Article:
Chapter 19
The Kinetic Theory of Gases
19.2 Avogadro’s Number
One mole is the number of atoms in a 12 g sample of
The number of atoms or molecules in a mole is called
Avogadro’s Number, NA.
If n is the number of moles contained in a sample of any
substance, N is the number of molecules, Msam is the mass
of the sample, and M is the molar mass, then
19.3: Ideal Gases
Here p is the absolute pressure, n is the number of moles of
gas present, and T is its temperature in kelvins. R is
the gas constant that has the same value for all gases.
Here, k is the Boltzmann constant, and N the number of
19.3: Ideal Gases; Work Done by an Ideal Gas at Constant Temperature
19.3: Ideal Gases; Work Done at Constant Volume and Constant Pressure
W done by an ideal gas (or any other gas) during any process, such as a constantvolume process and a constant-pressure process.
If the volume of the gas is constant,
If, instead, the volume changes while the pressure p of the gas is held constant,
19.4: Pressure, Temperature, and RMS Speed
For a typical gas molecule, of mass m and velocity v, that is about
to collide with the shaded wall, as shown, if the collision with the
wall is elastic, the only component of its velocity that is changed
is the x component.
The only change in the particle’s momentum is along the x axis:
Hence, the momentum Dpx delivered to the wall by the molecule
during the collision is +2mvx.
The time Dt between collisions is the time the molecule takes to
travel to the opposite wall and back again (a distance 2L) at speed
vx.. Therefore, Dt is equal to 2L/vx
The pressure:
we finally have
19.4: RMS Speed
19.5: Translational Kinetic Energy
19.6: Mean Free Path
The mean free path, l, is the average distance traversed by
a molecule between collisions.
The expression for the mean free path does, in fact, turn
out to be:
19.7: The Distribution of Molecular Speeds
Maxwell’s law of speed distribution
Here M is the molar mass of the gas, R
is the gas constant, T is the gas
temperature, and v is the molecular
speed. The quantity P(v) is a
probability distribution function: For
any speed v, the product P(v) dv is the
fraction of molecules with speeds in
the interval dv centered on speed v.
The total area under the distribution
curve corresponds to the fraction of
the molecules whose speeds lie
between zero and infinity, and is equal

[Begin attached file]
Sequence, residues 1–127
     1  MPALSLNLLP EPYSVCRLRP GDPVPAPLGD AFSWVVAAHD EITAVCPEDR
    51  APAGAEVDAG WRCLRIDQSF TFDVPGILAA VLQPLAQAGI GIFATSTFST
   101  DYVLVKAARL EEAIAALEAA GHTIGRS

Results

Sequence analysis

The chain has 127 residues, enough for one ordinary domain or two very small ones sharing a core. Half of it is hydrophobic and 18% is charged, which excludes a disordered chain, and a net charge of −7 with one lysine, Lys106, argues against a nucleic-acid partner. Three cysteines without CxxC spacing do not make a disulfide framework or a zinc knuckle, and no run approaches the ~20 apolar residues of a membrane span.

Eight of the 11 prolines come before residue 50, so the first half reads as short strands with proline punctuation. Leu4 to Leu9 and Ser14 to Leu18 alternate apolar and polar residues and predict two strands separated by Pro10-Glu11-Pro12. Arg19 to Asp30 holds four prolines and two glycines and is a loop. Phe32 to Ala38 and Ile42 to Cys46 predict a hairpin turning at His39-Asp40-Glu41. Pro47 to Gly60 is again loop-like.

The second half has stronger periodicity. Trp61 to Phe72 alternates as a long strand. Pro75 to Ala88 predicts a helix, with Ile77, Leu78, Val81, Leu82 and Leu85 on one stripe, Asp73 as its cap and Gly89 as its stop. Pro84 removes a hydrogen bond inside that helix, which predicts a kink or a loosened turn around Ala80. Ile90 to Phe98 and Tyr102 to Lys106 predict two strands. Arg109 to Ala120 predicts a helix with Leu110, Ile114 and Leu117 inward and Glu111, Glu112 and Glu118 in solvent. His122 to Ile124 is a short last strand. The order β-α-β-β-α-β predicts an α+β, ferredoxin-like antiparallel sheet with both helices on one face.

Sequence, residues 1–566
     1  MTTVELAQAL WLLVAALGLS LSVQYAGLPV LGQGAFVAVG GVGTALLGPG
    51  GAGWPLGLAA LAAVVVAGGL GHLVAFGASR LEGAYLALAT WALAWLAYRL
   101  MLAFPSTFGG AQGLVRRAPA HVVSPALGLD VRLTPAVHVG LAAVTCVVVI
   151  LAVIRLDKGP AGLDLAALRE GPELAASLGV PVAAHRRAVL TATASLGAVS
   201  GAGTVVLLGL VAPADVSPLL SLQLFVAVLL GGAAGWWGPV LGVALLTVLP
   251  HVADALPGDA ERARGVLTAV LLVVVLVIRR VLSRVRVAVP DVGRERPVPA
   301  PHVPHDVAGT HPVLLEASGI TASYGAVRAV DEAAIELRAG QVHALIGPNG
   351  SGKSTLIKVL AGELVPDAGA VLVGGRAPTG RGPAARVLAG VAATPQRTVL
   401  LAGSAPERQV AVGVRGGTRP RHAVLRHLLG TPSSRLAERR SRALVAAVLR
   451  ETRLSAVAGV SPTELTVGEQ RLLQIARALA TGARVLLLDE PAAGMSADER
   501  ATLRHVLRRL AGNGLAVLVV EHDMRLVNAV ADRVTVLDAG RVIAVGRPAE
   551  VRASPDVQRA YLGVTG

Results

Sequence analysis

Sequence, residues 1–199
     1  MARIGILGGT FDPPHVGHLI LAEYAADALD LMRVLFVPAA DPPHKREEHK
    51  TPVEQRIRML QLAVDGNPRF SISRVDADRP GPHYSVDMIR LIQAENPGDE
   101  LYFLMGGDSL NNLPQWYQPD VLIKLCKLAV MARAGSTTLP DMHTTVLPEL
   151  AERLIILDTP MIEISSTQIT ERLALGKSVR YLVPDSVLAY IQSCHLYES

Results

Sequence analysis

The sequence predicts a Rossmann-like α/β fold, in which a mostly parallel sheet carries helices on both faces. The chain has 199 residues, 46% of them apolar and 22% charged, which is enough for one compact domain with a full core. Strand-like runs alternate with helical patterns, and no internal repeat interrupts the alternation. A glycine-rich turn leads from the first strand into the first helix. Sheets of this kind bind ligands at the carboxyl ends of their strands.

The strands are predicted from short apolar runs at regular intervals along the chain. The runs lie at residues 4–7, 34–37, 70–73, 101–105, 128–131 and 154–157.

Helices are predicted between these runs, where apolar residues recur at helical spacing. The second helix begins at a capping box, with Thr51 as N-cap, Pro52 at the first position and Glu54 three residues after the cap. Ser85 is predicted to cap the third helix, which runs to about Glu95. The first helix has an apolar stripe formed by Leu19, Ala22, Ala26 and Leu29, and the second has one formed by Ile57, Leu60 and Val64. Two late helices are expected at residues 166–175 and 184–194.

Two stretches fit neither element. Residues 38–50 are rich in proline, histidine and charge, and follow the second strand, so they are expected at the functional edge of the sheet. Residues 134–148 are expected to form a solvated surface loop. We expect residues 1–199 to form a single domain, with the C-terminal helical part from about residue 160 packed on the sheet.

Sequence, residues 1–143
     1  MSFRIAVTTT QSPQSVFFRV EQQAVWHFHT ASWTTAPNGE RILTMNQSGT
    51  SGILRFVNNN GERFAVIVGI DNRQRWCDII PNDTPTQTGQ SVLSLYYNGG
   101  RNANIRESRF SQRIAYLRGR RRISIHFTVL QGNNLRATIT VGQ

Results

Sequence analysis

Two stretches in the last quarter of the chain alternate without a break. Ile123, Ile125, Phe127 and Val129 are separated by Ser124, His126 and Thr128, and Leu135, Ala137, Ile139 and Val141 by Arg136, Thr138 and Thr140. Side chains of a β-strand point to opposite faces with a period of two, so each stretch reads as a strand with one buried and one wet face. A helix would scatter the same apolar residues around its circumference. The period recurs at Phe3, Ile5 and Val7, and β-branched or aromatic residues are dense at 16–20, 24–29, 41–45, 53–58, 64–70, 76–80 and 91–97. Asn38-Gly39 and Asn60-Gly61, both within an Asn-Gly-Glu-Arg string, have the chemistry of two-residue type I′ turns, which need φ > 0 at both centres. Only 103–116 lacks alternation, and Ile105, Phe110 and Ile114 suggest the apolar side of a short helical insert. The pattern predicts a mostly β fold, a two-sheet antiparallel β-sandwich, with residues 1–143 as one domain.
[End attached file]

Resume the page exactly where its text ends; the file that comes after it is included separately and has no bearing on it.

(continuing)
to unity.
Fig. 19-8 (a) The Maxwell speed distribution for oxygen
molecules at T =300 K. The three characteristic speeds are
19.7: Average, RMS, and Most Probable Speeds
The average speed vavg of the molecules in a gas can be found in the following way:
Weigh each value of v in the distribution; that is, multiply it by the fraction P(v) dv of
molecules with speeds in a differential interval dv centered on v.
Then add up all these values of v P(v) dv.
The result is vavg:
leads to
RMS speed:
The most probable speed vP is the speed at which P(v) is maximum. To calculate vP, we set
dP/dv =0 and then solve for v, thus obtaining:
Example, Speed Distribution in a Gas:
Example, Different Speeds
19.8: Molar Specific Heat of Ideal Gases: Internal Energy
The internal energy Eint of an ideal gas is a function of the gas
temperature only; it does not depend on any other variable.
19.8: Molar Specific Heat at Constant Volume
where CV is a constant called the molar specific
heat at constant volume.
With the volume held constant, the gas cannot
expand and thus cannot do any work.
When a confined ideal gas undergoes temperature change DT, the resulting change in
its internal energy is
A change in the internal energy Eint of a confined ideal gas depends on only the
change in the temperature, not on what type of process produces the change.
19.8: Molar Specific Heat at Constant Pressure
19.8: Molar Specific Heats
Fig. 19-12 The relative values of Q for a monatomic gas (left side) and a diatomic
gas undergoing a constant-volume process (labeled “con V”) and a constantpressure process (labeled “con p”). The transfer of the energy into work W and
internal energy (Eint) is noted.
19.9: Degrees of Freedom and Molar Specific Heats
Every kind of molecule has a certain number f of
degrees of freedom, which are independent ways in
which the molecule can store energy. Each such degree
of freedom has associated with it—on average—an
energy of ½ kT per molecule (or ½ RT permole).
19.9: Degrees of Freedom and Molar Specific Heats
19.10: A Hint of Quantum Theory
19.11: The Adiabatic Expansion of an Ideal Gas
Starting from:
And using the result for Eint, we get:
From the ideal gas law,
Also, since CP-CV = R,
Using the above relations, we get:
Uisng g = CP/CV, and integrating, we get:
Finally we obtain:
19.11: The Adiabatic Expansion of an Ideal Gas
19.11: The Adiabatic Expansion of an Ideal Gas, Free Expansion
A free expansion of a gas is an adiabatic process with no work or change in internal
energy. Thus, a free expansion differs from the adiabatic process described earlier, in
which work is done and the internal energy changes.
In a free expansion, a gas is in equilibrium only at its initial and final points; thus, we
can plot only those points, but not the expansion itself, on a p-V diagram.
Since Eint =0, the temperature of the final state must be that of the initial state. Thus,
the initial and final points on a p-V diagram must be on the same isotherm, and we
Also, if the gas is ideal,
Four Gas Processes for an Ideal Gas

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